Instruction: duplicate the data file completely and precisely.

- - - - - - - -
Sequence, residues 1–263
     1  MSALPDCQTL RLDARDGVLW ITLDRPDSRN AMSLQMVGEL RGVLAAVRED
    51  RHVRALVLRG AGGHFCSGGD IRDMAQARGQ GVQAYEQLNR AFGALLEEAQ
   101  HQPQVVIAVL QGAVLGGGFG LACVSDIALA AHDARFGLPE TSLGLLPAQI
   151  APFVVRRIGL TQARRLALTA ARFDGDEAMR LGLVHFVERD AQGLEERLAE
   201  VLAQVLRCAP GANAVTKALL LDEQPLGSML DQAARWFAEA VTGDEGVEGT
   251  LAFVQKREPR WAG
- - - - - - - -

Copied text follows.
Sequence, residues 1–263
     1  MSALPDCQTL RLDARDGVLW ITLDRPDSRN AMSLQMVGEL RGVLAAVRED
    51  RHVRALVLRG AGGHFCSGGD IRDMAQARGQ GVQAYEQLNR AFGALLEEAQ
   101  HQPQVVIAVL QGAVLGGGFG LACVSDIALA AHDARFGLPE TSLGLLPAQI
   151  APFVVRRIGL TQARRLALTA ARFDGDEAMR LGLVHFVERD AQGLEERLAE
   201  VLAQVLRCAP GANAVTKALL LDEQPLGSML DQAARWFAEA VTGDEGVEGT
   251  LAFVQKREPR WAG